Do you enter the store, pick your shoes in a few minutes and leave? You have to re-think about the whole process. Stop looking for a fashionable pair that is with or without laces, high or low ankle and start prioritizing your health and comfort. Here are some tips before you decide which one is your perfect shoe. 

  • Shop for shoes after exercise or at the end of the day. This will help make sure that shoes feel comfortable when your feet are at their largest, hot and tired.

  • Try the shoes wearing the same type of sock that you will wear for the activity.

  • Have the shop assistant measure your feet every time you buy shoes, because your feet may become larger and wider as you age. It’s also common for one foot to be slightly bigger than the other.

  • Check that you can wiggle all your toes when wearing the shoes. Remember, you need room for your foot to move within the shoe as you walk or run.

  • The shoes should be comfortable as soon as you try them on. Don’t rely on ‘breaking them in’.

  • Walk or run a few steps in your shoes, to check they are comfortable.

  • Make sure the shoes grip your heel. Your heel should not slip in the shoes when you move.

  • Think about width as well as length. If the ball of your foot feels squashed, ask if the shoe comes in a wider size. Shoes that are a half-size larger — but not wider — may not help.

  • Feel the inside of the shoes to check for tags, seams, or other material that might irritate your foot.

  • Examine the soles. Are they sturdy enough to protect against harmful objects? Do they provide appropriate grip? Try to walk on both carpet and hard surfaces.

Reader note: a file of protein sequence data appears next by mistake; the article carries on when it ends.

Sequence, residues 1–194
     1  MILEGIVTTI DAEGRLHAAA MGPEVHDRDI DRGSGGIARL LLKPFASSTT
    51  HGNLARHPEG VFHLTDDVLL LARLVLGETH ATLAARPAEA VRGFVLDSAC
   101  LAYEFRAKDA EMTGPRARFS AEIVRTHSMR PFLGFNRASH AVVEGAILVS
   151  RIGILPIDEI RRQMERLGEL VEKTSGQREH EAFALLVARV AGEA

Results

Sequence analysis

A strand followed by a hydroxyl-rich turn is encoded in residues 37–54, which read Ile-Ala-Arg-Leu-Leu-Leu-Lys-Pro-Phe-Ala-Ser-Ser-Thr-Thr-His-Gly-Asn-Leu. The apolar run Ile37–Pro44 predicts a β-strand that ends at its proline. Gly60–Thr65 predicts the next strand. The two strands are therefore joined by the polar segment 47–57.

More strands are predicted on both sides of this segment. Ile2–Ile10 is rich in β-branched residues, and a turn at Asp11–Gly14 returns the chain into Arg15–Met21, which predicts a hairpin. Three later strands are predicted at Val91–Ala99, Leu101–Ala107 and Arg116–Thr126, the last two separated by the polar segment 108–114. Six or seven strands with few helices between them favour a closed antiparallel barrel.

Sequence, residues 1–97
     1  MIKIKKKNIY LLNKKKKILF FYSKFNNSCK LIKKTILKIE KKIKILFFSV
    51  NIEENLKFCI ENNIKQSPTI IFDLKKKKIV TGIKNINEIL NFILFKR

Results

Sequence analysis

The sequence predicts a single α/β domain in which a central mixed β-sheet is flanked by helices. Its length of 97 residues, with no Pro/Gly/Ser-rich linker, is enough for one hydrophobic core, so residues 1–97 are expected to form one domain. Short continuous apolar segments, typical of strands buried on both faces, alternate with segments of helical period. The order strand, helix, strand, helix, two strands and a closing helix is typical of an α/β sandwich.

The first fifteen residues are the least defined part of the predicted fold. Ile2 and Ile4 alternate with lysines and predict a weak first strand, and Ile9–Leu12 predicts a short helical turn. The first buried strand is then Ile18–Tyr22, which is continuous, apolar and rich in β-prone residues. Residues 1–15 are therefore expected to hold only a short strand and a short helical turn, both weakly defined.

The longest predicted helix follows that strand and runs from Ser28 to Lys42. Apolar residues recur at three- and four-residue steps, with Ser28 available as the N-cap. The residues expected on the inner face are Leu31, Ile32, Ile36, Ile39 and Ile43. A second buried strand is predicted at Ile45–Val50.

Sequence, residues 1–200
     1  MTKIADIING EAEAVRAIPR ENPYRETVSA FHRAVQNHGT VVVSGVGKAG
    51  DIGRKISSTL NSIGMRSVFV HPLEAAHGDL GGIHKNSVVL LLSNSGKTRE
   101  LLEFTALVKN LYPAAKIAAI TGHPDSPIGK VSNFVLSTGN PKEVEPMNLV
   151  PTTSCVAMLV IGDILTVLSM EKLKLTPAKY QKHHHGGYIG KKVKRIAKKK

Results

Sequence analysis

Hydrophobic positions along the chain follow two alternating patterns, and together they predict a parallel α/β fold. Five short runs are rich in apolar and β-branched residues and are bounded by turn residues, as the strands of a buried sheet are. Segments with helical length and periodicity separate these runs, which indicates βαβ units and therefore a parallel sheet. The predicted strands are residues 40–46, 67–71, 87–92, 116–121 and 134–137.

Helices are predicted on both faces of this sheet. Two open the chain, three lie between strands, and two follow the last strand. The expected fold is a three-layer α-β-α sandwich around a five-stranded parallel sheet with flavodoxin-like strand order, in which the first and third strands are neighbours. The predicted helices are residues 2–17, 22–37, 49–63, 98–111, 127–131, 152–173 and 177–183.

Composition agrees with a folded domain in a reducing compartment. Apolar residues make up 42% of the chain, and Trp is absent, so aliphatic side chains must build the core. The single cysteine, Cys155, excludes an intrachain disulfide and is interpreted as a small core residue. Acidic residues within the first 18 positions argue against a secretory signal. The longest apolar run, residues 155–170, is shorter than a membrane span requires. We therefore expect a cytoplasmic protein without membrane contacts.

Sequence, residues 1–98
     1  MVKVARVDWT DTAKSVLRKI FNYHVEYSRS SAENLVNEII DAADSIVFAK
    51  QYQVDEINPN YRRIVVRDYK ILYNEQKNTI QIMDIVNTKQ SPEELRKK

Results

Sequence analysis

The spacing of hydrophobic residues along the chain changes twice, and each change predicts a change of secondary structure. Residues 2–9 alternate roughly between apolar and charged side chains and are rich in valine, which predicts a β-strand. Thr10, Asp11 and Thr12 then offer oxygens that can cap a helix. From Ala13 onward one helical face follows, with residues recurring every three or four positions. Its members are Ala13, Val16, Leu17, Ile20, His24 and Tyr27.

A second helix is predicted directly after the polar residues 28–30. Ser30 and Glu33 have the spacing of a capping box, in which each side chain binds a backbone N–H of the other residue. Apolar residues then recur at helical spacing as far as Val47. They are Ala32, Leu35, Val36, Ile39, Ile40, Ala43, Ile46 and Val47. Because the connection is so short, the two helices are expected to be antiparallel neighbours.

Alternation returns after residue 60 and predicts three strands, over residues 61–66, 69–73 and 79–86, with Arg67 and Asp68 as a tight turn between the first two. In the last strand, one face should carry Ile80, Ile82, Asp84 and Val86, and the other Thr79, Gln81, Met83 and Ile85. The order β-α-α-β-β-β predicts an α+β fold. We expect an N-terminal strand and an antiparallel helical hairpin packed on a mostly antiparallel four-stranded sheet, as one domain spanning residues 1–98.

• Some cheap shoes may have a higher value than those expensive ones, so take care of this point as well


If you play a sport, it’s a good idea to wear shoes designed for that sport. There are specific shoes designed for tennis, golf, soccer, football, netball, running, cycling and other sports. Each has a different design, material and weight to best protect feet against the stresses of the particular activity. 

A good tip when buying shoes is to take a tracing of your foot with you. If a shoe is narrower or shorter than the tracing, don’t even try it on specially if you like shoes without laces.



How shoes affect your feet, legs and joints

If your shoes are too tight, too loose or insufficiently supportive, your physical activity may place stress on your feet, ankles, lower legs and other joints. This ongoing pressure may contribute to pain and severe injuries later on.

Poor footwear choice can contribute to common sports injuries such as shin splints and Achilles tendon pain, corns and bunions, ingrown nails, or postural issues and lower back pain. Such injuries may significantly limit or stop your activity.

Choosing the right shoes can help avoid injury. Learn what can happen when you wear the wrong shoes:

  • The chance of injury can be increased if your shoes are not designed for your activity, the conditions, or suited to your body mass or foot mechanics. As an example, there are different requirement for beach versus road running.

  • Wearing the wrong shoe can exacerbate existing problems such as pain or arthritis in your hips, knees, ankles or feet.

  • Even a short duration in the wrong shoes can cause stress and pain to your bones and joints, and the soft tissues that support them. For example, if you regularly stand for long periods of time as part of your job.

  • Your shoes can make a significant impact on the way you walk, or your gait. The movement of your feet during each step affects how the rest of your body follows. When you step correctly, your heel makes contact with the ground first. Then, the arch rolls inward a little, allowing the ball of the foot and then the big toe to make contact. The heel then comes off the ground, which allows you to push off from the ball of your foot and big toe.

  • Some people’s arches roll inward too much, or not enough – either of which can impact how effectively your feet absorb shock. This can contribute to additional stress on other joints.

  • Some shoe types, including high heels and flip flops (‘thongs’), aren’t suited to activity.


Remember, the right shoe can help prevent, reduce or eliminate foot pain. A lack of pain has a huge impact on how well and easily you move. So, find the right shoe and get active!

You Can find a wide collection of shoes here 

  • Aug 28, 2019
  • Category: News
  • Comments: 0
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